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Sociological Concepts in Lord of the Flies

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Sociological Ideas in Lord of the Flies

Lord of the Flies is an excellent work to examine utilizing sociological concepts, considering that the story revolves around a group of kids stranded on an island. Instantly, one can forecast that the kids will struggle to impart and maintain social order, a principle which is the focus of chapter 6 in our sociology text. The discussion on the beach in between Ralph and Piggy plainly reveals Piggy”s demand for social order to prevent the chaos that would inevitably ensue. Ralph and Piggy stumble upon their very first sign of order when they discover the conch swept up on the sand. They use this to gather up the two distinct groups into a session that does result in some productivity, yielding a prominent leader in Ralph.

However foreshadowing of conflict is evident in Jack”s obvious desire for authoritarian guideline. Consequently, leadership is developed early in this work and leadership styles (between Ralph and Jack) will be the reason for divergence within the initial group. Additionally, the society will initially base their standards in synchrony with the society they left, however as their stay evolves into a struggle for life deviant behavior will start to eventuate and their standards will move internally. Deviance is foreshadowed when the pre-pubescents discover a bloody pig pushing the ground.

The fight between excellent and wicked will unfold as the excellent will be represented by the group ready to sustain their previous standards and evil by the group, which is willing to differ the standard. This is the inescapable outcome when resources are scarce and the competitors is strong.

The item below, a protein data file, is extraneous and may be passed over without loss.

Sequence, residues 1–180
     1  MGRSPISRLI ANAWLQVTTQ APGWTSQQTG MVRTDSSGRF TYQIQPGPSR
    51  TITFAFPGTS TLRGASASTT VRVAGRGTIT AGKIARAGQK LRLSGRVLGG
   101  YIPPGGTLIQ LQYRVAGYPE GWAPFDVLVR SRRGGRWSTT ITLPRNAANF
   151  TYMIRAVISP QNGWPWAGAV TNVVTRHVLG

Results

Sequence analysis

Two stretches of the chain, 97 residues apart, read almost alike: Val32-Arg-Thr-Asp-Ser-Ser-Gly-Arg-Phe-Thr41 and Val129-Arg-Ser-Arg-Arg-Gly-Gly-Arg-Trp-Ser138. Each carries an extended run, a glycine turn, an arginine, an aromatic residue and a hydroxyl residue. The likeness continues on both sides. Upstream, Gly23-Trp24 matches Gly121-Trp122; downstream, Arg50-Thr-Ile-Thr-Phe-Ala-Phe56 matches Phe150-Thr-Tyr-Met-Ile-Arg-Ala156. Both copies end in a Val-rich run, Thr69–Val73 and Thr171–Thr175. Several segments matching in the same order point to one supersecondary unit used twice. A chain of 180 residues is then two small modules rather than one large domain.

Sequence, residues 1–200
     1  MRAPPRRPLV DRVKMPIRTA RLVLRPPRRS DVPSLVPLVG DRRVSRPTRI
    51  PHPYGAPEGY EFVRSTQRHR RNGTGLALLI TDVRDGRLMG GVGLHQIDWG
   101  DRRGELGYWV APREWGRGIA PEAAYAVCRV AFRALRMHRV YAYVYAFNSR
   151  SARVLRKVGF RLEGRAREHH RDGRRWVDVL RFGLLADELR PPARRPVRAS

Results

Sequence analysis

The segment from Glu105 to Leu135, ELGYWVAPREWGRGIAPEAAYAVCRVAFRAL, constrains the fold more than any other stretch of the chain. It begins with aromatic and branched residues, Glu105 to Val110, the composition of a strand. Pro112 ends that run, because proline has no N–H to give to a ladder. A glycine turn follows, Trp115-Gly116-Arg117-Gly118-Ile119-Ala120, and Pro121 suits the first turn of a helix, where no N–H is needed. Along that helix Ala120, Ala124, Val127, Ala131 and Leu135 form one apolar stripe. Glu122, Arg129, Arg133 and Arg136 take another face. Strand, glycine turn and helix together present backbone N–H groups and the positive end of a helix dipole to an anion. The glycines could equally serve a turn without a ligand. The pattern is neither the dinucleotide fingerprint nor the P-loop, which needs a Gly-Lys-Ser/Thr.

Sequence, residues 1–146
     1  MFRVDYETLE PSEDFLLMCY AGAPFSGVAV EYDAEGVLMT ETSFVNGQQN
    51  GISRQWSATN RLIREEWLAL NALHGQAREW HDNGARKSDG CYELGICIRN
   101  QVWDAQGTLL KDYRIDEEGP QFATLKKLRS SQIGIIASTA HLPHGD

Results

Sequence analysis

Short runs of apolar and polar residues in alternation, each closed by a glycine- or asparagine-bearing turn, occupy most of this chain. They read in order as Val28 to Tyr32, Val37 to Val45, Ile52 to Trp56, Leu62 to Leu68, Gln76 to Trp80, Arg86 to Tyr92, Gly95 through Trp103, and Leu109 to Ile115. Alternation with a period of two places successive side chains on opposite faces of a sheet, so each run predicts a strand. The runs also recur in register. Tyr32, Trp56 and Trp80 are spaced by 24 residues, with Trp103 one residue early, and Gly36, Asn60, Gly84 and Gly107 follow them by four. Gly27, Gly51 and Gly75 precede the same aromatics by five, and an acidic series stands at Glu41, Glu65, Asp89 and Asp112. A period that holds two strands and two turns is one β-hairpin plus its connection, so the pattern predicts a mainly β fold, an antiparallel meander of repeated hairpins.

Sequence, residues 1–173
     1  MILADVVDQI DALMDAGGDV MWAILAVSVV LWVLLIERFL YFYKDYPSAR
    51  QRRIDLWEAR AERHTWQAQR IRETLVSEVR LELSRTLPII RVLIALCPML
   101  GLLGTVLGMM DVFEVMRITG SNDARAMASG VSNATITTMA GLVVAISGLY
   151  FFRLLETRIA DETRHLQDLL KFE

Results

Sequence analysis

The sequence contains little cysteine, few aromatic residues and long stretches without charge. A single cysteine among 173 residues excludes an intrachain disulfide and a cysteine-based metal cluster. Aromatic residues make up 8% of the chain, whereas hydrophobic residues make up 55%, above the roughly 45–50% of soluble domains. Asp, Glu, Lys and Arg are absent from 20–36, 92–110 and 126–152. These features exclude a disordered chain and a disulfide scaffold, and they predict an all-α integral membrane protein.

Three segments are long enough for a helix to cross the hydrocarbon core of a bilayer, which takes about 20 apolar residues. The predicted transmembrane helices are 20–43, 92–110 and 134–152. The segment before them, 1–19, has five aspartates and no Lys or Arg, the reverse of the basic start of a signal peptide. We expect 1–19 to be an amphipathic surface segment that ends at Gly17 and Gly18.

The formation of social groups takes place immediately as the young boys find each other and recognize they are stranded on an island. The kids represent an unique classification of middle-upper class school young boys from England. Their category should have a subdivision because it seems as if there are 2 distinct age groups, which are represented by kids in the early grammar stages and pre-adolescent boys. When the very first conference is eventually attained by the existence of the conch, one can initially observe that there are groups which will undoubtedly form into a secondary group as an entire and consequently numerous main groups will form. The need for a sense of belonging and relationship will buffer the demands that are put upon the kids in their secondary group.

This secondary group is taken charge by Ralph who insists on utilizing a Democratic system to choose a leader and through his advisory committee (Piggy) he learns that establishment and maintenance of social order is a necessity. The conch represents the first defining symbol presented in the story and probably the most specifying sign throughout. The conch is utilized by the young boys to represent social order, subsequently, whoever is in possession of the conch receives the right to speak and develop rules and guidelines.